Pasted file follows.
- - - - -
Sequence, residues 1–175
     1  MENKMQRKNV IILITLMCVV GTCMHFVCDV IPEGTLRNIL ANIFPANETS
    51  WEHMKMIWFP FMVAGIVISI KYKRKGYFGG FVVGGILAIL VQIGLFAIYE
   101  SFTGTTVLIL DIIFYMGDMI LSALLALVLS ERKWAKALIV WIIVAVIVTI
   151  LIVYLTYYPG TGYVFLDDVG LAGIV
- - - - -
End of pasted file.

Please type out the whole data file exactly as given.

Sequence, residues 1–175
     1  MENKMQRKNV IILITLMCVV GTCMHFVCDV IPEGTLRNIL ANIFPANETS
    51  WEHMKMIWFP FMVAGIVISI KYKRKGYFGG FVVGGILAIL VQIGLFAIYE
   101  SFTGTTVLIL DIIFYMGDMI LSALLALVLS ERKWAKALIV WIIVAVIVTI
   151  LIVYLTYYPG TGYVFLDDVG LAGIV